Why to collect Social Security early

There can be good reasons for beginning to draw Social Security payments as early as 62:

You’re broke. There’s no likelihood of significantly changing your gloomy financial picture, so it makes sense to get this extra revenue.

Your health is bad. There’s a good chance you’ll pass on before you see 80, in which case you’ll amass more money by starting as soon as possible.

You’d rather have extra disposable income now than later. Even if you’re blessed with a long lifespan, gradually declining health could mean your early senior years are best for travel and other costly diversions, so grab the money and enjoy what it can buy before it’s too late.

You have little faith in Social Security’s long-term stability. If you believe Congress will have to reduce or delay benefits to keep the program solvent – and there are sober arguments for that – then take the money while it’s there.

You are a knowledgeable, disciplined investor. You will use the extra monthly payment to make investments that eventually will pay off better than what you’d get from living into your 80s and enjoying those bigger payments. Or, looked at another way, you will use the earlier Social Security payments for regular costs of living, allowing you to delay tapping some of your existing retirement investments.

Why to collect Social Security as late as possible

The potential of collecting thousands of dollars more if you live into your 80s or beyond isn’t the only reason to delay starting benefits. Here are others:

A prolonged retirement is best served with strong income. More than one in three of today’s 65-year-olds are expected to live to 90. If you end up in that group, you want not just a big nest egg to launch your golden years, but also a steady income stream with minimal risk. Perhaps the biggest retirement risk is living too long and running out of money. The largest possible Social Security check, fattened by annual cost of living increases, can help alleviate that concern.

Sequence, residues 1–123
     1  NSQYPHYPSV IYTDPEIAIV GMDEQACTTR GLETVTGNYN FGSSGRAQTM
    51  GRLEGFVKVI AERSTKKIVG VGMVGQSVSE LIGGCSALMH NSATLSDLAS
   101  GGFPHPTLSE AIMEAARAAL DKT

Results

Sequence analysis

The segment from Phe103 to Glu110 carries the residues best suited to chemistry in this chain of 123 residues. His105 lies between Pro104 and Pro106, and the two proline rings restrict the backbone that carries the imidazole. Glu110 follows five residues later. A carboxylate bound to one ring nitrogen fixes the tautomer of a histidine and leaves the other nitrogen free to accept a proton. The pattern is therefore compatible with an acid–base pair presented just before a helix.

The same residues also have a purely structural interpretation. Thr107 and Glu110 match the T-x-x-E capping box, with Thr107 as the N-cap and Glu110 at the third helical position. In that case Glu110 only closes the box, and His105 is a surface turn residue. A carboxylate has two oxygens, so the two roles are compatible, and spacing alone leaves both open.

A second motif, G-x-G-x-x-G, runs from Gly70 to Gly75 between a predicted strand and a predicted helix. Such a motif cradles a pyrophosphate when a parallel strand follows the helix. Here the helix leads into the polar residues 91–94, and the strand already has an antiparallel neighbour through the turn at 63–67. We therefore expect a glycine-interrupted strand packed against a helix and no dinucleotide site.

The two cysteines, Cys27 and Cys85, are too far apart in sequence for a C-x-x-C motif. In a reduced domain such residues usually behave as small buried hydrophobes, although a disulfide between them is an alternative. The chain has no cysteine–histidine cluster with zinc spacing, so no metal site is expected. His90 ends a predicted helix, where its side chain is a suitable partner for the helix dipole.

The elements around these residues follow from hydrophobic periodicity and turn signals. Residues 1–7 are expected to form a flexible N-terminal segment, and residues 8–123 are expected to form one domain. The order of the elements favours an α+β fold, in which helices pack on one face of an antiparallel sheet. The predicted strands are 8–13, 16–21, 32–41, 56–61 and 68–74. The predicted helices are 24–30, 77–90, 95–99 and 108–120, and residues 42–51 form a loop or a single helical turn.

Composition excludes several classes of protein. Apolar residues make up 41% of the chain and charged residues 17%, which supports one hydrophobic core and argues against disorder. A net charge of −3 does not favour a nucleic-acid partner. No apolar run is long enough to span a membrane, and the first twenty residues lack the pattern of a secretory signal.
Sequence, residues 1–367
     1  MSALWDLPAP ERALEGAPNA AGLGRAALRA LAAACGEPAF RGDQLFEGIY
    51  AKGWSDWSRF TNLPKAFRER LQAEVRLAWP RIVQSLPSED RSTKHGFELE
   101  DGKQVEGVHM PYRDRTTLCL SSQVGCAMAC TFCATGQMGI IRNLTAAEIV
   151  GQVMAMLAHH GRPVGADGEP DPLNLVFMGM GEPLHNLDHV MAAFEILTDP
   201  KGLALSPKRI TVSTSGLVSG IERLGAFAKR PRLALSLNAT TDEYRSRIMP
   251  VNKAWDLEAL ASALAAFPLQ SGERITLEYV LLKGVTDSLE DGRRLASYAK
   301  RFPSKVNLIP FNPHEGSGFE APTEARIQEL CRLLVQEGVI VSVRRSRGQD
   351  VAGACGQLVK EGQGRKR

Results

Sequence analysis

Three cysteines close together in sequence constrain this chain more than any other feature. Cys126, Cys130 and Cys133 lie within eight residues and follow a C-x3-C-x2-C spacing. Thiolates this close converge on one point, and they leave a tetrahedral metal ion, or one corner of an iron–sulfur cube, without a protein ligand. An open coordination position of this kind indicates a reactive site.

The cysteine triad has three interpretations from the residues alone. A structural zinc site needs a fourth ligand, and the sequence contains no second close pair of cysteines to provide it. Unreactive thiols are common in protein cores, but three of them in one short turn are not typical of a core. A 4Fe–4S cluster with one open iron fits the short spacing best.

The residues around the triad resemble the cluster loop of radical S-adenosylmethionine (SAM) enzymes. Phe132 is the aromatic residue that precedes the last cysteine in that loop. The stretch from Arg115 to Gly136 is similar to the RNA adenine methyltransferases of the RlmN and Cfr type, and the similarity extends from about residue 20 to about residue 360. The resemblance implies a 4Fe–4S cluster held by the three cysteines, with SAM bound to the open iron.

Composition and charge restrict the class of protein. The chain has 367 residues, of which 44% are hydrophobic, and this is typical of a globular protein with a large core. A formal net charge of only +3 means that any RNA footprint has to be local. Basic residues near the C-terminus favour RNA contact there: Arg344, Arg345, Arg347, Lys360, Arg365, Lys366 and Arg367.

If you don’t want to quit working until you’re at least at full retirement age, 66, then think twice about tapping Social Security before you turn 66. In those pre-66 years, your benefit will be cut by $1 for every $2 you earn above a certain level ($17,040 a year was the 2018 limit). So early benefits combined with continued work result in a double penalty, as Keith observed: lower benefits to begin with, which get reduced even further by your earnings. Once you reach full retirement age, there is no penalty on anything you earn.

Early Social Security withdrawals could reduce benefits for your spouse if he or she outlives you. A surviving spouse can claim a Social Security benefit based on his or her own earnings record, or a spousal benefit that provides half the amount of the deceased spouse’s Social Security benefit as calculated at his or her full retirement age. So if you choose early withdrawals, therefore locking in a lower benefit when you reach 66, your spouse would have a permanently reduced rate if he or she later depends on a survivor’s benefit.

If you want to make more informed estimates for your Social Security planning by considering different scenarios based on age, death and other factors, you’ll find no shortage of simple calculators online from financial institutions. The Social Security Administration website has 11 calculators, covering topics such as estimated benefits, life expectancy and spousal benefits. Visit